Our lives are almost already a year determined by this health pandemic. Restricted social contacts, restrictions on travelling and in some countries even restrictions on movement. Staying positive and making the most of your day is becoming harder and harder for a lot of people. Therefore I have listed my personal tips & tricks how to keep looking at the bright side.
Create a routine that works for YOU
Often these days you see people boosting on their social media channel how succesful they are and how good their routine is. Very good for them, and they have the right to be proud of it, but you should not compare yourself with them. If you are not a morning person, it makes no sense to put your alarm at 6AM just to be part of the ‘morning glow’ group nor to work out in the morning if it only makes you more tired and stressed.
Find out what works for you and stick to it. If that means you get up at 8, read for an hour and start your day, that’s fine. If you want to get up at 7 and get straight to business, that also good. Just look for a routine that is easy for you to stick to and gives you energy.
Go for walks
It has been scientifically proven that people who spent more time in nature have more;
– positive thoughts
– better immune system
– lower changes of contracting diseases such as obesitas, cardio vascular diseases, …(1)
Nowadays, we tend to spend more time inside. But instead we should be doing the opposite and try to go outside for a little walk whenever we have a break. So put away your phone and get in some outdoor movement.
When moody, shake your booty
Something that really works for me when I feel down, is putting on some happy music (in my case: reggaeton). Listening to music reduces your stress levels, improves mood and memory, eases pain, provides comfort and can improve exercise. (2) Because, let’s be honest, nobody can stay perfectly still when listening to some reggaeton (or whatever music you like).
Eat the rainbow
Those who are already following me for a longer period know that I am a HUUUUGE fan of eating the rainbow. I can not stress this enough, but eating a variety of fresh food and looking for vibrant colours really can increase your mood too.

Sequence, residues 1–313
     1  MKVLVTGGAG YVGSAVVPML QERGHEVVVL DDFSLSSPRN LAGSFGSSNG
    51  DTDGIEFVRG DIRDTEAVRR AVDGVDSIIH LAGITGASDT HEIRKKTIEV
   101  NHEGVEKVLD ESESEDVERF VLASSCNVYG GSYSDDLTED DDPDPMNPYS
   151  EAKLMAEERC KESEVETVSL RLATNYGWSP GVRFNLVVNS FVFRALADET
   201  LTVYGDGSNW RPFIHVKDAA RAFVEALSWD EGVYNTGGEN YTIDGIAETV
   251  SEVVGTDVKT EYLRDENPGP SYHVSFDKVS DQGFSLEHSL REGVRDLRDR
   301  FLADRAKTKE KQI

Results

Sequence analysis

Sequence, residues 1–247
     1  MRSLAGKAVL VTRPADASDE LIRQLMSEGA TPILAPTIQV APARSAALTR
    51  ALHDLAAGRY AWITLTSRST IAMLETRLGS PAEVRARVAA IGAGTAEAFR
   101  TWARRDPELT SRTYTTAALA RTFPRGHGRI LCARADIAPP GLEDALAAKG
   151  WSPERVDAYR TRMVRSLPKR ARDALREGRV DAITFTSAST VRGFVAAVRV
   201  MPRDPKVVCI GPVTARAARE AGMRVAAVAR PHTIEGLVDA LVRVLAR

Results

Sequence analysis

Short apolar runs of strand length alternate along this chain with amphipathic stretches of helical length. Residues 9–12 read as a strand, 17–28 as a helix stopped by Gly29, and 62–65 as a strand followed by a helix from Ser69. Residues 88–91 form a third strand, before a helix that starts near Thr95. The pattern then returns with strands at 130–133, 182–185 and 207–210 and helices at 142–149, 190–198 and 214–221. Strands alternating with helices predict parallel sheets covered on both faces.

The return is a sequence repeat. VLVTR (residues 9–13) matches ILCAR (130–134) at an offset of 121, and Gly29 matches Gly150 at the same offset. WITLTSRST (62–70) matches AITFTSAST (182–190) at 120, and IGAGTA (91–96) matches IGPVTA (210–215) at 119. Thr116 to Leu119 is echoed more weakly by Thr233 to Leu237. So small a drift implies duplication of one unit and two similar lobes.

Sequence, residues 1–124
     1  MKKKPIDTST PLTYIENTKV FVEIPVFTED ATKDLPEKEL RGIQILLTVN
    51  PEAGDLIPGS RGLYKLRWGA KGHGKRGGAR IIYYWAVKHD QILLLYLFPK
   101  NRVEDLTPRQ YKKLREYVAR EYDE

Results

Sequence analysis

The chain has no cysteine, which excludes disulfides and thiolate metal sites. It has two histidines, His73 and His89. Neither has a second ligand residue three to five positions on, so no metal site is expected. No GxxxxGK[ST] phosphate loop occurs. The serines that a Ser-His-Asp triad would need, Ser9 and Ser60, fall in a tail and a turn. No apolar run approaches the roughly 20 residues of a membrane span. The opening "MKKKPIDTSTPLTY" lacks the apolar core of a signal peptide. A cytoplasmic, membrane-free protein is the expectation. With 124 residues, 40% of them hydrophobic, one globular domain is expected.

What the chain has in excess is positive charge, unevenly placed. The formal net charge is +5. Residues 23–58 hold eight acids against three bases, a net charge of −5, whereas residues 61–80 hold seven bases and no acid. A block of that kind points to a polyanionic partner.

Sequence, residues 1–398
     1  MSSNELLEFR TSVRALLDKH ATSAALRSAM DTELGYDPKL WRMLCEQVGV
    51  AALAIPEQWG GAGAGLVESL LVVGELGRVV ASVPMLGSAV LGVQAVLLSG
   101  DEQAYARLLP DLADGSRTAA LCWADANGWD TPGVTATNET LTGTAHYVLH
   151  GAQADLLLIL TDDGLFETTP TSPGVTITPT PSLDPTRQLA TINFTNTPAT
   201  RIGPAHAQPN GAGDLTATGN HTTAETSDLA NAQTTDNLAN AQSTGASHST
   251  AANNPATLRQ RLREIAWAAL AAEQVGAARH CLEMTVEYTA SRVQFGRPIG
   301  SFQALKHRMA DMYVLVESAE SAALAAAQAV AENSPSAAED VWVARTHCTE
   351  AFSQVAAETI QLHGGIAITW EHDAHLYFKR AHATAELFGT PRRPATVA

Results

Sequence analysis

If you choose to eat colourful foods, you are more likely to get in all the micro nutrients your body needs and a healthy body from the inside will automatically look brighter on the outside too.
Cheers to movement
If you feel down, try to do some exercises such as running, cycling, core, aerobic, … whatever you feel like. During your training, your body will create ‘happy’ hormones which will put you in a good mood. Therefore, after your sweat session, you will experience a more positive mood in the following hours. (3)
Moving your body frequently also increases your immune system and makes you an overall healthier person. Maybe not in the beginning, but after a while you will notice that your energy levels have risen significantly.
Be nice to yourself
Lastly, this is a difficult period and something we as humans have never encountered before. Therefore it is okay to feel bad sometimes and to have an ‘off day’. Be nice to yourself and treat yourself to a nice bouquet of flowers, a new (work out) outfit, some nice food, … whatever that makes you feel better. We got this, the worse is behind us and step by step we will be able to do more things and return back to our ‘normal’ life. You have already come from far, it is just the last kilometers to the finish. Just a couple more months, and then we can enjoy our ‘old’ life again.
Big hugs and kisses,
– White, M.P., Alcock, I., Grellier, J. et al. Spending at least 120 minutes a week in nature is associated with good health and wellbeing. Sci Rep9, 7730 (2019). https://doi.org/10.1038/s41598-019-44097-3
– Pfizer, 10 Health Benefits of Music, (August 30, 2017), Retrieved from https://www.gethealthystayhealthy.com/articles/10-health-benefits-of-music
– Suzanne G. Helfer, PhD, Jon D. Elhai, PhD, Andrew L. Geers, PhD, Affect and Exercise: Positive Affective Expectations Can Increase Post-Exercise Mood and Exercise Intentions, Annals of Behavioral Medicine, Volume 49, Issue 2, April 2015, Pages 269–279, https://doi.org/10.1007/s12160-014-9656-1